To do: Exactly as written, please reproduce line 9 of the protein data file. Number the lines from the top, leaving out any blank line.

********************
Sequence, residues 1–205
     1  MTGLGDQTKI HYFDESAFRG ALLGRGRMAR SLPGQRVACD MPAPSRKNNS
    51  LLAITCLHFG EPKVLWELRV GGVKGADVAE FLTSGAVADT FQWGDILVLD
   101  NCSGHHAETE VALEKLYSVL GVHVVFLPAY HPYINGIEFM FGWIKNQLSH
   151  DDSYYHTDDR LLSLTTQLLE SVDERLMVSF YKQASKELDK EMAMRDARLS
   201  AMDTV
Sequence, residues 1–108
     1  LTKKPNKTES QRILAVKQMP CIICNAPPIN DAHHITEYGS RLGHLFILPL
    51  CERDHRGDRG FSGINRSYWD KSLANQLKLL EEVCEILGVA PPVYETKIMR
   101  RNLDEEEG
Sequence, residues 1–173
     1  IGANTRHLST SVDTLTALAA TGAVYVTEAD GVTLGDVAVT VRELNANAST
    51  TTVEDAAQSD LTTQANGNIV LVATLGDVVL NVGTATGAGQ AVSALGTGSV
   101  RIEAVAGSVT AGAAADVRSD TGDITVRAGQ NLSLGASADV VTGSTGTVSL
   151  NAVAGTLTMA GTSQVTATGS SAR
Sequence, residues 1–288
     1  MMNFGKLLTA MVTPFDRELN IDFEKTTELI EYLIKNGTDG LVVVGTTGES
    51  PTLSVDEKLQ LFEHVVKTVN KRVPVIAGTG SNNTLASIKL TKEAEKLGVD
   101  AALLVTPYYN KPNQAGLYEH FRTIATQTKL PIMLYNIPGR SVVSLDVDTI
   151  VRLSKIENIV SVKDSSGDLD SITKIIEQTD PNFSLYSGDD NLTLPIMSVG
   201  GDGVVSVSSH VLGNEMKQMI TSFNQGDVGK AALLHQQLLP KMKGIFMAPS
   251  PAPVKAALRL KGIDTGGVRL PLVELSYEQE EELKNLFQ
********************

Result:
    51  CERDHRGDRG FSGINRSYWD KSLANQLKLL EEVCEILGVA PPVYETKIMR